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Guidelines for Writers of RTP Payload Format Specifications (RFC2736)

IP.com Disclosure Number: IPCOM000003332D
Original Publication Date: 1999-Dec-01
Included in the Prior Art Database: 2000-Sep-13
Document File: 8 page(s) / 23K

Publishing Venue

Internet Society Requests For Comment (RFCs)

Related People

M. Handley: AUTHOR [+2]

Abstract

This document provides general guidelines aimed at assisting the authors of RTP Payload Format specifications in deciding on good formats. These guidelines attempt to capture some of the experience gained with RTP as it evolved during its development.

This text was extracted from a ASCII document.
This is the abbreviated version, containing approximately 12% of the total text.

Network Working Group M. Handley

Request for Comments: 2736 ACIRI

BCP: 36 C. Perkins

Category: Best Current Practice UCL

December 1999

Guidelines for Writers of RTP Payload Format Specifications

Status of this Memo

This document specifies an Internet Best Current Practices for the

Internet Community, and requests discussion and suggestions for

improvements. Distribution of this memo is unlimited.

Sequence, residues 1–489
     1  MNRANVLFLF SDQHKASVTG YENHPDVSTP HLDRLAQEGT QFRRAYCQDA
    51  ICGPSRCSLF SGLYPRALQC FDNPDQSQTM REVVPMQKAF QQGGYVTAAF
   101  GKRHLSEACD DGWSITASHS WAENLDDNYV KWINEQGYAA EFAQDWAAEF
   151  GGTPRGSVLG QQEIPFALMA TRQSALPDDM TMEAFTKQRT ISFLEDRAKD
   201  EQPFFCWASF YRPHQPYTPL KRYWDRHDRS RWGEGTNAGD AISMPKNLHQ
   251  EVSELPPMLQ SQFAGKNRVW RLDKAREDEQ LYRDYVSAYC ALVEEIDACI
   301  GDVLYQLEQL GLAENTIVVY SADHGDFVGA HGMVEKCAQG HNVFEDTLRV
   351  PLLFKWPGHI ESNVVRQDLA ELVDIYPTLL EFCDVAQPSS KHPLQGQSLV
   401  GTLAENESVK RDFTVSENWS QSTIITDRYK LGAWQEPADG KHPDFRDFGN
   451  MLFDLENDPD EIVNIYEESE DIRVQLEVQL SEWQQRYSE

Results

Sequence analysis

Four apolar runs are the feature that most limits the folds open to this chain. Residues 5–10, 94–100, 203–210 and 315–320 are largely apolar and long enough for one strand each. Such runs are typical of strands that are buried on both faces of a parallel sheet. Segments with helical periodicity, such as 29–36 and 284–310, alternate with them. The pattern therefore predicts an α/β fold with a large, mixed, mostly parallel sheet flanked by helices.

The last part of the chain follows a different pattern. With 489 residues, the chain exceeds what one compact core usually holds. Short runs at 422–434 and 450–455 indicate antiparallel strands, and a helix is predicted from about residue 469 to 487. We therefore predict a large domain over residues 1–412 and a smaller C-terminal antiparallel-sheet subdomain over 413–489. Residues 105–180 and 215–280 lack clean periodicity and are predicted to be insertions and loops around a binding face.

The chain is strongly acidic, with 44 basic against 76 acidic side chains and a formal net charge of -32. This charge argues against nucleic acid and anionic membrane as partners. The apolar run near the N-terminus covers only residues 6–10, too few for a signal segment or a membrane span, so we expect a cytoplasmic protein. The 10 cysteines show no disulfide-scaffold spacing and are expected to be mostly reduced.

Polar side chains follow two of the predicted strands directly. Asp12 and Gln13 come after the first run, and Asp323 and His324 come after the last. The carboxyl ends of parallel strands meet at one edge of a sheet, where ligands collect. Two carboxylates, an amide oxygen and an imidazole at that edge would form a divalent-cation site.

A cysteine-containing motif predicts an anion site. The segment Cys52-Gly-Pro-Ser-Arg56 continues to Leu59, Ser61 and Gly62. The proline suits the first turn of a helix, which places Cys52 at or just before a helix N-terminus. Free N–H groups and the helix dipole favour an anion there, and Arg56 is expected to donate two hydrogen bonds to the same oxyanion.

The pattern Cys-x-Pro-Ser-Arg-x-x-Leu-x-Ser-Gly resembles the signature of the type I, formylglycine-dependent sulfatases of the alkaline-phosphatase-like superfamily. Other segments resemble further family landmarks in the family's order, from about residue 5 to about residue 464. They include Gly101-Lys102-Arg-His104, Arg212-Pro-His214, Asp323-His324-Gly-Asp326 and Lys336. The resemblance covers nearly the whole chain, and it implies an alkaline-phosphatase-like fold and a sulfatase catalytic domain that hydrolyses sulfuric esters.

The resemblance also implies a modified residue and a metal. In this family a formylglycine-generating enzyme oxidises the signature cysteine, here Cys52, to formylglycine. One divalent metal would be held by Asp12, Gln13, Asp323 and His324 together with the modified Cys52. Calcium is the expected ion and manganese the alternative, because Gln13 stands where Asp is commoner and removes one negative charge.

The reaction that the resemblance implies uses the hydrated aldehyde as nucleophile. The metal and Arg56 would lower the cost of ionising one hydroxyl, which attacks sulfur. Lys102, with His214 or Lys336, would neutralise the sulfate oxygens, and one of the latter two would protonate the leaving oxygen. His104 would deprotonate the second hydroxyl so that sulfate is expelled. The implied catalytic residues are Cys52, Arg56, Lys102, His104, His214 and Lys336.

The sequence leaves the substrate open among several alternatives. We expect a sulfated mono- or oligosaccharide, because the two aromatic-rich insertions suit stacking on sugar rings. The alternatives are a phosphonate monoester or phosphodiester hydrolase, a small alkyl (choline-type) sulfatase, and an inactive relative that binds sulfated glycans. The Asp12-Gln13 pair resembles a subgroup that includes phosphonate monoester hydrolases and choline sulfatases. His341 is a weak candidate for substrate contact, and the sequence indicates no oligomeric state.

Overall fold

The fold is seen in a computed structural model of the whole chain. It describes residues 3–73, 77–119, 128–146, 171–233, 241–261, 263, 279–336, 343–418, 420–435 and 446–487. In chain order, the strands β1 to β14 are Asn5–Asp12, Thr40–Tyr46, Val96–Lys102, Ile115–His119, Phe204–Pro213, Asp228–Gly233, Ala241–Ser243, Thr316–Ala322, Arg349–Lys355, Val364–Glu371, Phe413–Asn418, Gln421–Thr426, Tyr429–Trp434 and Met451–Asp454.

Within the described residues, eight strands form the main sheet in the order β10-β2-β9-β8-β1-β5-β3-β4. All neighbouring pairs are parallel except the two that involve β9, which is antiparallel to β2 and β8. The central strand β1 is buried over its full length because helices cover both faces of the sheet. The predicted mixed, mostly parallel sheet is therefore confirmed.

Copyright Notice

Copyright (C) The Internet Society (1999). All Rights Reserved.

Abstract

This document provides general guidelines aimed at assisting the

authors of RTP Payload Format specifications in deciding on good

formats. These guidelines attempt to capture some of the experience

gained with RTP as it evolved during its development.

1. Introduction

This document provides general guidelines aimed at assisting the

authors of RTP [9] Payload Format specifications in deciding on good

formats. These guidelines attempt to capture some of the experience

gained with RTP as it evolved during its development.

The principles outlined in this document are applicable to almost all

data types, but are framed in examples of audio and video codecs for

clarity.

2. Background

RTP was designed around the concept of Application Level Framing

(ALF), first described by Clark and Tennenhouse [2]. The key argument

underlying ALF is that there are many different ways an application

might be able to cope with misordered or lost packets. These range

from ignoring the loss, to re-sending the missing data (either from a

buffer or by regenerating it), and to sending new data which

supersedes the missing data. The application only has this choice if

the transport protocol is dealing with data in "Application Data

Units" (ADUs). An ADU contains data that can be processed out-of-

order with respect to other ADUs. Thus the ADU is the minimum unit

of error recovery.

The key property of a transport protocol for ADUs is that each ADU

contains sufficient information to be processed by the receiver

immediately. An example is a video stream, wherein the compressed

video data in an ADU must be capable of being decompressed regardless

of whether previous ADUs have been received. Additionally the ADU

must contain "header" information detailing its position in the video

image and the frame from which it came.

Although an ADU need not b...